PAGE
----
You’d expect that you should save for a few years if you’re donating less money, because you want to be able to get over the standard deduction a few times over your lifetime. As you start donating more money, you’d expect that you just want to donate every year, because if you save for a while, you start offsetting money from lower tax brackets.

### Results

In one chart, here are the results of this simulation:

You can also read all the raw data here in a nice table that will let you find the results for your situation.

You can check out the github here, although it’s very quick and unorganized.

For every salary and donation level, you can see how many years you should save before you donate. The results match my predictions: If you’re making a lot of money, or donating a very large fraction of it, you should just donate every year, because you want to maximize the amount of money you donate in the highest tax bracket.

If you’re not making much money, you want to save for a few years to clear the standard deduction hurdle. Indeed, it’s optimal to save for 10 years at lower amounts, so you can get a large tax advantage from your money by clearing the standard deduction.

### How much would this save?

Let’s do an example to see how much money you’d save with this strategy. Assume you’re making $100,000 and you’re giving 10% of your income away. The table says that you should save for 6 years.

If you donated every year, you’d pay $14,261 every year (which I get by applying the tax brackets to our salary that’s been reduced by the standard deduction).

If you save every 6 years as the model says to do, you’d end up paying $12,665 in taxes, on average, each year. That’s a savings of $1,596 each year.

You can see the results for all of these comparisons in the full table results.

### Extensions to the model

There are a few other things you could add here:

There’s some chance of value drift, where you suddenly stop donating to charity and decide to keep all your money. You could model this by depreciating your assets by some fixed percentage every year.

You’re probably investing your money, which means you should save for longer. You could add a fixed rate of return every year (or even a return randomly chosen from a distribution of possible returns).

You might think that the value of your ability to do good declines or improves every year, so you could add another “available opportunity” rate to account for this.

Ultimately, I don’t think any of these will dramatically change the results, and I don’t think this is a type of model that’s meant to give precise results. Which leads me to…

### How much to trust this model

Optimizing stuff is fun, and it’s easy to get nerd sniped by a fun problem like this. However, in the real world, things are messy and weird. There’s lots of little details that might make this analysis useless for your particular situation. In general, I would use these results as a rough rule-of-thumb, and not take it super seriously whether to donate every 3 years vs every 4 years. I do think it makes sense to save and bunch donations, but agonizing over when precisely to donate won’t help you that much.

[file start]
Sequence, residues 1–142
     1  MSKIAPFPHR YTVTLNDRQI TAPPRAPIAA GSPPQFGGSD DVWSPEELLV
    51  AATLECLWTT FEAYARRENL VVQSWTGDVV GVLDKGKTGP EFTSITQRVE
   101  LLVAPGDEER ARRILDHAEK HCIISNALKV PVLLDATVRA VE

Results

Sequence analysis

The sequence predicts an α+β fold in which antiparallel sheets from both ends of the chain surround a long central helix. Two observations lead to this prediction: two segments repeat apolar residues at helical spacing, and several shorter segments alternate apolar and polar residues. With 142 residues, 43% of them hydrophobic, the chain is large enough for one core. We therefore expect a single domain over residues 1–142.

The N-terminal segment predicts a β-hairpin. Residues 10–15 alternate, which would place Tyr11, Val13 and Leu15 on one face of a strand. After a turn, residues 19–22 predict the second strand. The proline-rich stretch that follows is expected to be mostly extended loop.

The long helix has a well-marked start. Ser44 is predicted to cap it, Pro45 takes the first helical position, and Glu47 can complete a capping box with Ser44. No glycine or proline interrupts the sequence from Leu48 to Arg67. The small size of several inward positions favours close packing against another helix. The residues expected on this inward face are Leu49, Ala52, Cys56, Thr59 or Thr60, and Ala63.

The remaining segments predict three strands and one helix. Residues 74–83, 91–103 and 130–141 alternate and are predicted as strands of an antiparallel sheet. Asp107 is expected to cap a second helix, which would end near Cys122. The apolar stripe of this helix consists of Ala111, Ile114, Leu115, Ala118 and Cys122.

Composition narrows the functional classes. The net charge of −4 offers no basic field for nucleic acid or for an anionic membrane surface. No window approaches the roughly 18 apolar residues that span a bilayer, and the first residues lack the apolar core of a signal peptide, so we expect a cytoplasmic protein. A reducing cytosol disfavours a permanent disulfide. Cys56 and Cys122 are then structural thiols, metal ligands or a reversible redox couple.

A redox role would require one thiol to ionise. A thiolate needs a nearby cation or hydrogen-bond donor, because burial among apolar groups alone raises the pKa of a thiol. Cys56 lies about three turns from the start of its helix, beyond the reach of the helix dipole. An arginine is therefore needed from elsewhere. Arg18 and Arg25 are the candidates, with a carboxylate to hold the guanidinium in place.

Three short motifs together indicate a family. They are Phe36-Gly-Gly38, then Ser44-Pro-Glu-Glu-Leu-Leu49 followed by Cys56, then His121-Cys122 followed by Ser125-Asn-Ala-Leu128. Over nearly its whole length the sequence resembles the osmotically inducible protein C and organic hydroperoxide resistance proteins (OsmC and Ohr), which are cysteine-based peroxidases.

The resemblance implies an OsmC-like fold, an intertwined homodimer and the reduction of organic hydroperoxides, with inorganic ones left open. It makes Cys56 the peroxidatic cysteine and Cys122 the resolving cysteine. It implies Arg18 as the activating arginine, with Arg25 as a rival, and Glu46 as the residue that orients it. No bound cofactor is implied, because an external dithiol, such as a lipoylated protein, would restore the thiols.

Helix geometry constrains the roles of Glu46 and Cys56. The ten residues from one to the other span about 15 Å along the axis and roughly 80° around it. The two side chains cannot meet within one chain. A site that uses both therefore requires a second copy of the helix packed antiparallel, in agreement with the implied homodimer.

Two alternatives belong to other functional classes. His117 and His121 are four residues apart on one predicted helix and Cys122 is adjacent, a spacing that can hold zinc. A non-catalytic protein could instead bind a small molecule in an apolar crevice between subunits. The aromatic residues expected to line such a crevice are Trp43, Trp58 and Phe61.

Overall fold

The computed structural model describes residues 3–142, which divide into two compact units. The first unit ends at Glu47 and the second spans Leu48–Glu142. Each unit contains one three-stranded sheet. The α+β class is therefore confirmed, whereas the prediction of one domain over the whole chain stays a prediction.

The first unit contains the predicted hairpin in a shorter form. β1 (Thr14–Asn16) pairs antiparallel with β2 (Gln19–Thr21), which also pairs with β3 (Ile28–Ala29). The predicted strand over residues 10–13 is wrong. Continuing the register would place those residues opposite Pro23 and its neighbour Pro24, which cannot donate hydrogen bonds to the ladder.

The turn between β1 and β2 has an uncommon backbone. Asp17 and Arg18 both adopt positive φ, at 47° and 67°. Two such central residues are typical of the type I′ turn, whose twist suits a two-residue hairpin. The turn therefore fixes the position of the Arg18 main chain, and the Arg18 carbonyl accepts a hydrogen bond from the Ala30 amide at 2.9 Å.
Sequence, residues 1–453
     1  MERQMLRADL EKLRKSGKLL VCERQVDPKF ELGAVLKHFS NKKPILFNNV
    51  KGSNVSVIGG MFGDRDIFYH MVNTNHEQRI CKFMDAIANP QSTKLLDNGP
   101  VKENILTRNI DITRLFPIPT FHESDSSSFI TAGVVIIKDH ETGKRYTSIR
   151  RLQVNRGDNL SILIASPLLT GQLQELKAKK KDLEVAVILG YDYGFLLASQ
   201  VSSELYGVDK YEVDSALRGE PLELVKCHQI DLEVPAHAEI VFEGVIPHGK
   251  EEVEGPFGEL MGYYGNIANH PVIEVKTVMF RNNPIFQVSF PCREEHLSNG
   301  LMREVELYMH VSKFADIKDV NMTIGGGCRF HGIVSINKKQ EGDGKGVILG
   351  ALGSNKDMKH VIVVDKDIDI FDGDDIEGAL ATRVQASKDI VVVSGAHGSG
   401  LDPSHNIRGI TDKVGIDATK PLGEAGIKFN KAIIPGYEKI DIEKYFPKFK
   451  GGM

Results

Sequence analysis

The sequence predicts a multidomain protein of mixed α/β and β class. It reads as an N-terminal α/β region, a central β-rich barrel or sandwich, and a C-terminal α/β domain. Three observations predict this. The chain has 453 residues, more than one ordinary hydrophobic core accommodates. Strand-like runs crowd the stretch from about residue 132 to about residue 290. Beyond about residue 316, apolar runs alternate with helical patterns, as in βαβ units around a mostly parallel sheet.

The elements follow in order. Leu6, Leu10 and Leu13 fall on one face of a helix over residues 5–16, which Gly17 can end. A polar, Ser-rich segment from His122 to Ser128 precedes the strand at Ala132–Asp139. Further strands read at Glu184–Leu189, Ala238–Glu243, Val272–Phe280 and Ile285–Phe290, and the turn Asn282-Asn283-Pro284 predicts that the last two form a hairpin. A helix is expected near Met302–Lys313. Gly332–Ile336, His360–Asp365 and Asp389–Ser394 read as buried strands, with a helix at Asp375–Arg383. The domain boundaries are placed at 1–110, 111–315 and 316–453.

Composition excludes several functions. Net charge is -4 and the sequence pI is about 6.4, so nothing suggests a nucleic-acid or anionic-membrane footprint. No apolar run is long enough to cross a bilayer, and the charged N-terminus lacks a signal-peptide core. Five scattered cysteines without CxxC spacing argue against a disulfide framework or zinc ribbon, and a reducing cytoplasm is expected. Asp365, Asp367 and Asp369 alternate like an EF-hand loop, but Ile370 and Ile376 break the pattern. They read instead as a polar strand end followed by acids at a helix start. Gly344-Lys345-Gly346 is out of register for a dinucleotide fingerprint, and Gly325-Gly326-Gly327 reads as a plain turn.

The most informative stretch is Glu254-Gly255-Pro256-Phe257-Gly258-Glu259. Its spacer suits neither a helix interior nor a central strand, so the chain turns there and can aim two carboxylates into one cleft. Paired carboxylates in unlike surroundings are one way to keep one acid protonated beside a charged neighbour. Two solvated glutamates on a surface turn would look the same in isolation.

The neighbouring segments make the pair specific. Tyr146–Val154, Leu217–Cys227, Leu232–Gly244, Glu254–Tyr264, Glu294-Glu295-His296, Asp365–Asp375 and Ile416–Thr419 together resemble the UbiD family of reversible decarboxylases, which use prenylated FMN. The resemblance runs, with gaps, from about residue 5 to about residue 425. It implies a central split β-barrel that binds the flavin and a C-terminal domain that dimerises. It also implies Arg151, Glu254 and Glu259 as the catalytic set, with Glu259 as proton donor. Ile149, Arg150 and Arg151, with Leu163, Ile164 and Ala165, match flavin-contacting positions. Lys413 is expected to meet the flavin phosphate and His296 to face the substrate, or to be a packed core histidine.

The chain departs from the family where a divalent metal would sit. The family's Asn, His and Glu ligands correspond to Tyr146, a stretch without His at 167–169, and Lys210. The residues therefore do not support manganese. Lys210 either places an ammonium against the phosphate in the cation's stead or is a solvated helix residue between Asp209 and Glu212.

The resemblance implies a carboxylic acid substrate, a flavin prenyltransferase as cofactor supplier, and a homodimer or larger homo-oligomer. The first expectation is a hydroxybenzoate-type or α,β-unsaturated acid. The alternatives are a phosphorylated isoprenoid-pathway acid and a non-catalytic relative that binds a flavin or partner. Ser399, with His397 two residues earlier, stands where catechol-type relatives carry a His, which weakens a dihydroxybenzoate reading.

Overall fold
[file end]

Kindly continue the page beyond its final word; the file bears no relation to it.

For one example: this year, I planned to donate all of my save-to-give funds, after I had been saving for a few years. However, I’ve been donating to a few 501(c)(4) entities and political campaigns (which are not tax-deductible). So, I’m probably not going to be able to get a big tax break this year. Consider this before hand-wringing about any numbers in the above chart or table: your plans might shift and your previous planning might not help you at all.

In my opinion, it’s also a little weird to take a pledge to donate some percent of your money every year, and then save that money for 5+ years before donating it. I probably would never save for more than 5 years, even if I’m paying extra taxes as a result.

### Final thoughts

People vary in how they go about doing good in the world. Maybe your goal is to know you’re having an impact on an ongoing, routine basis, and then maybe this saving and bunching thing isn’t for you. And that’s totally fine! You’re foregoing perhaps a few thousand dollars a year to get the benefit of knowing you’re having an impact every month, and you don’t have to deal with these weird administrative complexities.

However, if you like managing your finances and maximizing your money, you should consider

Taking your money that you’ve earmarked in donations and putting it in a stock brokerage,

Saving it for a few years (perhaps consulting this table to see roughly how many years),

Then donating these appreciated stocks directly to your desired charities.